Grace is one of those terms people use without really knowing what it means. We know there’s something special about it – we think of graceful people or gracious words, and they bring light, fluffy, angelic images to mind. The meaning of grace is even better than those thoughts – it’s an undeserved love. The word in action has the power to change people and to make them see the world in a different light.
In episode one of Your Lie in April (Shigatsu wa Kimi no Uso), Kousei is a young man living in ungrace. Life has been hard on him – he lives without his father, absent due to work, and without him mom, who died several years prior. And before that, his life was centered around being a piano prodigy whose performance determined how much love he would receive from his mom. He was earning love, in a transaction relationship with the person that he cared for most. It was the exact of opposite of grace.
Years later, Kousei no longer performs on the piano. But as his best friend, Tsubaki, mentions, he still desperately clings to it. All he’s known is approval through music, so what else can he do?
But if I’m still clinging to it, it must be because I have nothing else Take away the piano and I’m empty. There’s nothing left but an ugly resonance.
Though maybe not as obviously, we, too, try to earn the approval of people and things. Our relationships are often based on this idea of earning – we’ll be friends with people who reciprocate, and visa-versa. Certainly at work, we meet ungrace – if we don’t perform, we’ll be fired, and if we perform well, we’ll be promoted. And how many of us have parents who don’t seem too far from Kousei’s mom, showering us with love when we do what they expect, but expressing disappointment otherwise?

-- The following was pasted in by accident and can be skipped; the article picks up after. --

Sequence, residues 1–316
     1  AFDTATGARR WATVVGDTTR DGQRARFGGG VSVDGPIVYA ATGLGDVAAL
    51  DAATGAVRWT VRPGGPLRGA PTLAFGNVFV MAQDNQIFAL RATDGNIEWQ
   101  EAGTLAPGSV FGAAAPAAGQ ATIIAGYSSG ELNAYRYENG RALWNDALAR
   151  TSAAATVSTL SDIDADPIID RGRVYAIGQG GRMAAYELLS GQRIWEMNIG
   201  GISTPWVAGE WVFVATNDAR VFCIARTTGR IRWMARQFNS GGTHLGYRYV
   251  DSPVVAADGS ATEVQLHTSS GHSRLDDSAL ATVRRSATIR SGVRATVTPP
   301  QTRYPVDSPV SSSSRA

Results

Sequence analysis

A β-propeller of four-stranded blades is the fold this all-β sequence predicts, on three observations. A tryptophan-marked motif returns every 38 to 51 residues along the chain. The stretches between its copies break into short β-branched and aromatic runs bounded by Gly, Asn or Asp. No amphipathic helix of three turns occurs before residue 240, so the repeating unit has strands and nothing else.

The major problem with these relationships, which emphasize results, is that we’ll ultimately fail. We’re imperfect. So what happens when we let the most important people in our lives down? Kousei’s reaction perhaps isn’t too far from what we might experience, a loss of feeling, sadness, anger, loss – a seeing the world in “monotone.”
Ah, but what happens when we instead experience grace?
The moment I met him, my life changed. Everything I saw, everything I heard, everything I felt, all the scenery around me started to take on color. The whole world began to sparkle.
When Kaori plays the melodica, Kousei’s eyes begin to open. Her beauty opens his eyes further, and when she takes his hand, well, that’s it. Kousei is gone. His world is no longer monotone, but vivid and colorful. He’s experienced something that he didn’t deserve – immense beauty, both audibly and visually. Kousei did nothing to earn this beauty – it was just given to him.
And so begins a journey for Kousei – one that I imagine will open his eyes, that will cause his “whole world…to sparkle.” His tidy and self-contained world, painted black by despair and legalism, will be shaken by something unexpected, by beauty and love that he can’t earn. It’s something he desperately needs – as do we all.